Overdraft Fee Monster Eats Social Security Income, Too
B of A’s Overdraft Fees Victimize Long-Time Customer
Overdraft fees across the board have attracted the interest of Congress lately. Many have said that the way in which overdraft fees are assessed by banks and credit unions is predatory and dishonest. Charging the same high fee for each infraction – even if is for 1 cent – and then charging an additional fee for each day a customer’s account is overdrawn makes it nearly impossible for already cash-strapped consumers to raise their heads above water.
In a recent case before California’s Supreme Court (Paul Miller et al. v Bank of American, NT & SA No. S149178), the ruling from Kruger v. Wells Fargo Bank (1974) 11 Cal.3d 352, 356 [113 Cal.Rptr. 449, 521 P.2d 441] (Kruger) was put to the test for Paul Miller, a retiree who depends upon Supplemental Social Security for his income (since 1992). Funds are directly deposited into his Bank of America checking account (since 1994). At the time that the direct deposits began, Miller was promised by Bank of America employees that those deposits would “be safe from debits or charges” unless he authorized otherwise.
But Overdraft Fees Came Calling
First, Bank of America accidentally deposited $1,799.83 in Miller’s account. They realized the error and reversed the credit, but not until Miller had made some charges. B of A also failed to give Miller notice of the deduction. The result was that his balance dipped below zero. Overdraft fees followed, which depleted a social security payment. For reference, Bank of America’s NSF fees at that time ranged from $14 to $32 per transaction. Up to five NSF fees could be processed against a checking account per day, with a maximum of $160 in overdraft fees allowed.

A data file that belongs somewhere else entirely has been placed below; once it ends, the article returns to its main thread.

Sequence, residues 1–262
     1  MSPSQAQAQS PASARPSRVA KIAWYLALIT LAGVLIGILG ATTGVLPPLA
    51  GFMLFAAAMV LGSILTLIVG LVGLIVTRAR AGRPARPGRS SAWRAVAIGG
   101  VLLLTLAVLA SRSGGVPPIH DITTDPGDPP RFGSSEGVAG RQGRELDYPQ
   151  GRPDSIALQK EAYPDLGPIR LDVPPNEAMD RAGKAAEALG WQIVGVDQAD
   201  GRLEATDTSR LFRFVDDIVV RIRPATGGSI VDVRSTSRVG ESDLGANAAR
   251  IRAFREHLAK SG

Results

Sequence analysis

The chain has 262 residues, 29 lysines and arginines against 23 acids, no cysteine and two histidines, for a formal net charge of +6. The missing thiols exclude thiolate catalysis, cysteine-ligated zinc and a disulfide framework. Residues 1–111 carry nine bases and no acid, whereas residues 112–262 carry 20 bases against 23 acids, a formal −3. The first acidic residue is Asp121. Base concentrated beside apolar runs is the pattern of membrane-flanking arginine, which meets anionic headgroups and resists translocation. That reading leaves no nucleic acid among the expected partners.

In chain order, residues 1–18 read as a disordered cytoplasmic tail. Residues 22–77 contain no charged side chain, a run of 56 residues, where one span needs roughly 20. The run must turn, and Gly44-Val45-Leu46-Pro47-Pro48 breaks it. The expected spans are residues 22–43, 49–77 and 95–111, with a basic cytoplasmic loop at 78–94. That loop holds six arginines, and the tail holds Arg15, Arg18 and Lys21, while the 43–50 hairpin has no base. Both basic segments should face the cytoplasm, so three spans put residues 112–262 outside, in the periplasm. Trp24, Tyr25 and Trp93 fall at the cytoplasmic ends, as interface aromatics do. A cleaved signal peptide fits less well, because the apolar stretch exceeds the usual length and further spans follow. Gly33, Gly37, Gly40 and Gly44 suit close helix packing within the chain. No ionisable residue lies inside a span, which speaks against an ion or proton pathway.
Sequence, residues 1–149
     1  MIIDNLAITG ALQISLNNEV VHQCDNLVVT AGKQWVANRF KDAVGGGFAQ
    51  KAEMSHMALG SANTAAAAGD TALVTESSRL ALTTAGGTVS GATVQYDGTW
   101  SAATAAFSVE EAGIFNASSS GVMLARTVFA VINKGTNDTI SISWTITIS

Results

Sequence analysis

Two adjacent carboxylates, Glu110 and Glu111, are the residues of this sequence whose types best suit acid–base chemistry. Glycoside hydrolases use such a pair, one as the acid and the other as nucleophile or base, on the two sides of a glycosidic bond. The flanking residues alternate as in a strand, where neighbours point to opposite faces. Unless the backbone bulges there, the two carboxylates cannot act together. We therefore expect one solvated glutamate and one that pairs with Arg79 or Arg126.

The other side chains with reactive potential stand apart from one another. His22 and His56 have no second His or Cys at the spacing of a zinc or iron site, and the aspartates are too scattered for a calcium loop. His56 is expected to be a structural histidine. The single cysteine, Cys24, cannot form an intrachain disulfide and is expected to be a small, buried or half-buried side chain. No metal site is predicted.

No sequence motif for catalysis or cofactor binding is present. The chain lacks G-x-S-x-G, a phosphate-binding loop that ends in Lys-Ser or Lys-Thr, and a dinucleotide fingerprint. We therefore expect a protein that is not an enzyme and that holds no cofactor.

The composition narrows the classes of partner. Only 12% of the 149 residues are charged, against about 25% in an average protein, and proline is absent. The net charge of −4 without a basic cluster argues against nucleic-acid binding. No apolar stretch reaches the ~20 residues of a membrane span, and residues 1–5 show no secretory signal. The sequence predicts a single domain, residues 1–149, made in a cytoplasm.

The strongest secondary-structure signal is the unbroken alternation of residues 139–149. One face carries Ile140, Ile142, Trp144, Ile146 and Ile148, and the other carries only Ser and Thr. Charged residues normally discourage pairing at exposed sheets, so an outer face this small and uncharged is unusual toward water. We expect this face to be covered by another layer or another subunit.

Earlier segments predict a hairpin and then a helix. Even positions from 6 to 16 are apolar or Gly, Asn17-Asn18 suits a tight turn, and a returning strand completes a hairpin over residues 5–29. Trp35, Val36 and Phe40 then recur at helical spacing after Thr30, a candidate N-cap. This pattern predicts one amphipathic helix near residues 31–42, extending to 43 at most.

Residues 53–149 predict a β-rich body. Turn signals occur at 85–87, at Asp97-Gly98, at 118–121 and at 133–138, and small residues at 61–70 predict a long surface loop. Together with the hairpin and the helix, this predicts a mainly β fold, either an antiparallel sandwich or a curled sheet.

Miller pointed out that depleting his social security payment made it impossible for him to pay his rent or living expenses. Yet Bank of America told their long-time customer that he’d have to repay the part of the erroneous credit that he’d spent, but that he “could open a separate checking account for his SSI deposits that would not be used for repayment.” Miller did this, but a few months later the bank twice dipped into this new account to cover the overdraft fees. Both times Miller complained and the money was credited back to him.
And the Same Thing Happened Again
Although he did so infrequently, Miller occasionally overdrew his checking account. Each time, Bank of America hit him with overdraft fees that automatically deducted from his social security income. Bank employees who’d previously assured Miller that no deductions could be made from social security deposits without authorization now claimed that such funds received no “special treatment.”
Interestingly, during trial, a Bank of America executive responsible for checking products at Miller’s branch testified that Bank of America “could develop the capability to identify accounts into which public benefit funds are directly deposited, and could bypass charging NSF fees to those accounts.”
Why Didn’t Bank of America Take the Customer-Friendly Route with Overdraft Fees?
The same executive testified that “in order to prohibit certain account holders from overdrawing their accounts (which would eliminate the Bank’s need to recoup overdrafts or charge NSF fees), the Bank would have to ‘bounce’ more checks, withhold check deposits for the maximum allowable period of four days instead of one or two days before the Bank would make the funds available for withdrawal, eliminate point-of-sale purchases (but not personal identification number (PIN) transactions), and restrict automated teller machine (ATM) withdrawals from non-Bank ATMs.” The executive also stated that larger transactions would be processed before small – regardless of when the transactions occurred – because Bank of America felt larger transactions were “more important.”
More Important for Whom?